See: Commons Justice Committee: Disclosure of evidence in criminal cases inquiry (, link)

EU-AFRICA: The new European border between Niger and Libya (Open Migration, link):

"The game for controlling what Marco Minniti defined “the southern border of Europe” to “be sealed” is still open. However, last year’s experience shows that focusing solely on control, while leaving aside the safety and well-being of communities living in northern Niger, especially in Fezzan, might prove counter-productive. For the people living in Fezzan, beaten by the conflict, for migrants, facing increasing risks, and – perhaps – for Europe itself in its attempt to contain migrations.

“We rebelled against Gaddafi but we have obtained nothing,” Joseph Moussa concludes, tens of cigarettes later, in an Agadez falling more silent by the minute. “Migrants are our sole currency: only when we find a new one we will stop transporting them.”"

EU: Visa Information System: proposal will "enhance internal security and improve border management" through interoperability and extended data collection

The Commission is today proposing to upgrade the Visa Information System (VIS), the database containing information on persons applying for Schengen visas, in order to better respond to evolving security and migratory challenges and improve the EU's external border management.

Ireland Says Welcome statement on the referendum on the 8th amendment: the impact of unwanted pregnancies on refugee, asylum-seeking and undocumented women

Ireland Says Welcome, in solidarity with refugee, undocumented and asylum seeking women in Ireland, wishes to draw attention to the situation of this group, who are easily forgotten in the upcoming referendum.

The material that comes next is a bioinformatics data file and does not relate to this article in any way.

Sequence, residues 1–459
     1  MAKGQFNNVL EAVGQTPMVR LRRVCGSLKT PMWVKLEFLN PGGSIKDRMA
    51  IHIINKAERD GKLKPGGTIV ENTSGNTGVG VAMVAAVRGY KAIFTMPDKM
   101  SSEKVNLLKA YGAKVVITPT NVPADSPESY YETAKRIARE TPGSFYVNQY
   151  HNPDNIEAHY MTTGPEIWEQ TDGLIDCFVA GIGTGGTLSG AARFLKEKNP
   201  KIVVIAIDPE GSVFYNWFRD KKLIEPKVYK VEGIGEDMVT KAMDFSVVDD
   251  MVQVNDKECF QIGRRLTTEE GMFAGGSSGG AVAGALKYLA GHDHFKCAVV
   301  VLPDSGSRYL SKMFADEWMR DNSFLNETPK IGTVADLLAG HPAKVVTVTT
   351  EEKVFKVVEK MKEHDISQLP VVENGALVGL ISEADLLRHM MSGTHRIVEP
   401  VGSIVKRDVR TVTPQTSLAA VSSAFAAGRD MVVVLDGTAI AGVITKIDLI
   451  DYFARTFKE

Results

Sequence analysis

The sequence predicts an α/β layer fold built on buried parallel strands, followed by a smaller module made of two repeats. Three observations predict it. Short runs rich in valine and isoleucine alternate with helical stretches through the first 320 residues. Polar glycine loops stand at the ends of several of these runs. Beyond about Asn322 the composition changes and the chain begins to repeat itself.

Greece changes asylum rules to fight camp overcrowding (ekathimerini, link)

"Greece’s parliament approved legislation Tuesday that is designed to speed up the asylum process for migrants, ease the overcrowding at Greek island refugee camps and to deport more people back to Turkey.

Under the new law, staff will be added at the office that handles asylum requests, the appeals process for rejected applications will be shortened and travel restrictions can be imposed on asylum-seekers who are moved from the Greek islands to the mainland.

Currently, restrictions on asylum-seekers are mostly limited to five islands near the coast of Turkey, where strained refugee camps are trying to cope with up to three times more residents than planned. More than 16,000 people are stuck there.

A group of 13 Greek human rights organizations, however, has accused the government of ignoring refugee rights."

BREXIT: A simple chart from the Commission emphaising "third country" status for the UK: Slide on the EU/UK Possible Framework for the Future Partnership Discussions (15 May 2018, pdf).

EU: UK Select Committee on the European Union: Brexit: Common Security and Defence Policy missions and operations (pdf):

"The UK’s departure from the EU places a question mark over its future participation in Common Security and Defence Policy (CSDP) missions and operations. As an EU Member State, the UK has influenced the development and planning of all missions and operations, and has led the EU’s flagship antipiracy operation, EU NAVFOR Somalia (Operation Atalanta). After Brexit, the
framework for the UK to participate in these missions and operations is unclear, and subject to negotiation.(...)